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The challenge of growth

Grow spelled out in Scrabble letters on grass

Written by Claire Ranit

Growing isn’t always comfortable, just ask any human that’s passed through the ages of one to 16 years, which is a lot of humans.  Growth spurts can be awkward and uncomfortable, plagued with lots of sleeping, eating, hormone changes, and behavior changes.  Humans change in size and shape, some once and done and others over a longer period of time where clothes fit one week and not the next.  This is a known pattern in society and, outside of certain health conditions, most humans go through this process.  There is no avoiding it or stopping it, we simply prepare and support children as best possible to go through the process – remembering things we hated and things that helped. 

So, society seems to do a good job, overall, of accepting, supporting, and pushing children through a phase of change. Somehow though, creating the same environment for adults experiencing growth and change seems to be a bit more challenging for society.  There is an expectation that adults can always manage their emotions, present their best selves, and function under chronic stressors on an ongoing basis.  When that isn’t the case, society often passes judgement or points out “what’s wrong” instead of shifting the mental model to think, “what’s happened?”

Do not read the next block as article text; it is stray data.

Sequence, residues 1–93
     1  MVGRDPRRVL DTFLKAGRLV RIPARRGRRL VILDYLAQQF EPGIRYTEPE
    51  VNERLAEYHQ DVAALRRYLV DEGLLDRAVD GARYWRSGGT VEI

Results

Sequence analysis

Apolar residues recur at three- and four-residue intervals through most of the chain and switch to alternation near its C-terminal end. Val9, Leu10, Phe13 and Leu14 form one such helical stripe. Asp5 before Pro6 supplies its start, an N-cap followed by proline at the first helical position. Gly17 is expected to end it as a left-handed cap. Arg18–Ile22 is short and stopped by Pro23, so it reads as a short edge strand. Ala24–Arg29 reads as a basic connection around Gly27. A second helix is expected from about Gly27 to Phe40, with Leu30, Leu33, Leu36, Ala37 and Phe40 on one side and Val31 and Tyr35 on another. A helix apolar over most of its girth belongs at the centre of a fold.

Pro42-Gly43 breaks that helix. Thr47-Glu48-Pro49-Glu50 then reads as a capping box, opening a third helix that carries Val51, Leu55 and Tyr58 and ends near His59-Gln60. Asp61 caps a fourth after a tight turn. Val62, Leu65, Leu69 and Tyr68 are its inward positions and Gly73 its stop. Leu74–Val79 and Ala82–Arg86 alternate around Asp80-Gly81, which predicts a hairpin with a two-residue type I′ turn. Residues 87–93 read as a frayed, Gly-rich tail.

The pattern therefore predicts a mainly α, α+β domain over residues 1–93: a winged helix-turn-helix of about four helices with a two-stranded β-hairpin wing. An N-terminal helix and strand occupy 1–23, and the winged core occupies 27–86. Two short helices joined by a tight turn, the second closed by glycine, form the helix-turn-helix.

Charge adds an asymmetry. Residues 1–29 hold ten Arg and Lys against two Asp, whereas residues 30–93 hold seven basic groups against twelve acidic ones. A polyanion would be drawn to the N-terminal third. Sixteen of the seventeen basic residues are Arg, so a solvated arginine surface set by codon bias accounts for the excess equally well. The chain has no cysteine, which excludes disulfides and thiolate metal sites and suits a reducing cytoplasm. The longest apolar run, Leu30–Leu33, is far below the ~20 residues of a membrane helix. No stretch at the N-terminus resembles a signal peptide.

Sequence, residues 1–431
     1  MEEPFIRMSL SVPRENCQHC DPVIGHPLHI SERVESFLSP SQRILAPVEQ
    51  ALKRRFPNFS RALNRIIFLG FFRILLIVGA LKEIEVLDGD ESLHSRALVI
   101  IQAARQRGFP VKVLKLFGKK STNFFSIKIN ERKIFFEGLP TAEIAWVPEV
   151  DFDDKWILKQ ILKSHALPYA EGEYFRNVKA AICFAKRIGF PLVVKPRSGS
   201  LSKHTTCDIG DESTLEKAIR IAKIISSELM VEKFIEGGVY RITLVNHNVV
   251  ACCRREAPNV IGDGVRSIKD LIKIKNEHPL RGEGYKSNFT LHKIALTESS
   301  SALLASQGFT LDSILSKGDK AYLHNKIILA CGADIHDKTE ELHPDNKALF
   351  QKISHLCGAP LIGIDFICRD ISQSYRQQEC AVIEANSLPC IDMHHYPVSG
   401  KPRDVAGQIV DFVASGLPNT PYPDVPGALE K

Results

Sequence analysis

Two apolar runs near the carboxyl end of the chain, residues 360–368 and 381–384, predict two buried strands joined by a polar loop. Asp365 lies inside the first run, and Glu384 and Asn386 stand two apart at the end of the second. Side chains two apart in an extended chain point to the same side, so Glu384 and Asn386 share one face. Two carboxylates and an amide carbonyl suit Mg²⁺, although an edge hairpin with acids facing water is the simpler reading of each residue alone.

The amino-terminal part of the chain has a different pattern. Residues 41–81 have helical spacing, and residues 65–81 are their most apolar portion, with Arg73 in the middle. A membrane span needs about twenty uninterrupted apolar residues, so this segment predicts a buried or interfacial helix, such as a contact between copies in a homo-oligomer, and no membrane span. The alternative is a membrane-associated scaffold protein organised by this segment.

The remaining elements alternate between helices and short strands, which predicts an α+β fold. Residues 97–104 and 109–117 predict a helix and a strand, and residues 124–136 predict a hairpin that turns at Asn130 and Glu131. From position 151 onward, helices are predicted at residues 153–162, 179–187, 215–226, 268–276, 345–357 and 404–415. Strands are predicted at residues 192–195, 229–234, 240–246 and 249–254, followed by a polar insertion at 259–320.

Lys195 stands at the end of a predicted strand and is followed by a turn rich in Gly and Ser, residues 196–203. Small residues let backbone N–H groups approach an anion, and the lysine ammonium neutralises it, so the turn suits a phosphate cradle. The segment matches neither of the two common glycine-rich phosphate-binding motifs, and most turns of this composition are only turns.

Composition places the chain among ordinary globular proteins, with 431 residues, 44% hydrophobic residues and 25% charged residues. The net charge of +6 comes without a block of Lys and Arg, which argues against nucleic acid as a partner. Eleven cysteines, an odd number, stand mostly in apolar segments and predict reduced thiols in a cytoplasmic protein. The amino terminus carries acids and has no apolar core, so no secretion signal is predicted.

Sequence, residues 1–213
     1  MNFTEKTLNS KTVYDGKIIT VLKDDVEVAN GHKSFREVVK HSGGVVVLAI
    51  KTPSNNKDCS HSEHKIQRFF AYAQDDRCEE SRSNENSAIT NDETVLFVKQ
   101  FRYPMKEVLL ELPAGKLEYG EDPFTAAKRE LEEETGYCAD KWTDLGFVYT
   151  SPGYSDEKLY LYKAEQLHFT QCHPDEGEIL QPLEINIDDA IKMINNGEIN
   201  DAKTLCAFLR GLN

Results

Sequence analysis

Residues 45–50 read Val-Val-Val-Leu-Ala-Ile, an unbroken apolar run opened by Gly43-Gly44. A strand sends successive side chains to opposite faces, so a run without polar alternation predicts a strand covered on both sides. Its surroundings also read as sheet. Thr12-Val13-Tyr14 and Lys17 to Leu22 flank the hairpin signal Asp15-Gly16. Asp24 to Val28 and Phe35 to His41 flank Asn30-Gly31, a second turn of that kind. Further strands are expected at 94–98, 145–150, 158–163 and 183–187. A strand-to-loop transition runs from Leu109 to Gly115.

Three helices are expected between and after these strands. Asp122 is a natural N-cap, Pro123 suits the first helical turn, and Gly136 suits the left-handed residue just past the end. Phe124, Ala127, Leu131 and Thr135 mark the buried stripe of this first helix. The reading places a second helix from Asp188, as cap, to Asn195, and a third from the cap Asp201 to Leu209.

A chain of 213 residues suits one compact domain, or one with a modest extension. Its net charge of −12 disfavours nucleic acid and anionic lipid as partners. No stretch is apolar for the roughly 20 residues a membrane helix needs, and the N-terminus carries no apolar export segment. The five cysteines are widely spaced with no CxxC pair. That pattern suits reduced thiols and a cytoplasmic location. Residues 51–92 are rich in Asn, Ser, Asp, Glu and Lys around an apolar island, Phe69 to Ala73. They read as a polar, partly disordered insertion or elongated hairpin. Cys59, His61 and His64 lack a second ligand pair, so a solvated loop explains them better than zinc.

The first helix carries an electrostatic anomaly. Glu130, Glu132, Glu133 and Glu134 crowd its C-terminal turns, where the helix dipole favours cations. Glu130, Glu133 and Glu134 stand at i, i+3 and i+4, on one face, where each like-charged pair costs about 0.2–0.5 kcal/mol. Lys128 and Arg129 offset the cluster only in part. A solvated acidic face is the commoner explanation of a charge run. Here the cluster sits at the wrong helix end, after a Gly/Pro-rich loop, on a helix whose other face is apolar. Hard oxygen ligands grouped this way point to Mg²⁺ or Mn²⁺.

All this is to say, have grace.  Have grace for yourself and have grace for others.  Over the last few months, the blogs, newsletters, and Trauma Informed Practices (TIPs) posters have been focusing on how to make the shift from roles in the Dreaded Drama Triangle (DDT) to The Empowerment Dynamic (TED).  This is growth and change – it’s may be awkward and uncomfortable but you will learn so much about yourself and others.  Developing into a stronger person able to engage with the world in a healthier manner.  The first task in this process is to bring awareness to your interactions.  As you do this, you will no doubt find yourself filling a role you’re not so happy with (see last week’s blog for my own story) and when you do, be gracious with yourself.  Practice positive self-talk and reflection.  Studies show an important factor in resilience is having a positive self-view which means a positive internal dialogue with yourself.

As you practice grace with yourself, in those moments of realizing you’re in a DDT role, think about how you can shift from your current, toxic role, to a fill a healthy role in TED.  Identify the need(s) you’re trying to have met, acknowledge your vulnerability, and take responsibility only for your own actions and reactions.  Try to slow things down a bit, using breath or another self-calming tool you’ve identified – what you’re trying to do here is move from your triggered state in which you respond from your amygdala to your prefrontal cortex, the area of your brain that allows you problem solve collaboratively and manage your emotions.  Always remember to identify places in the interaction where you have power and choice, keeping in mind that you may not like the choices, but choice and power do exist.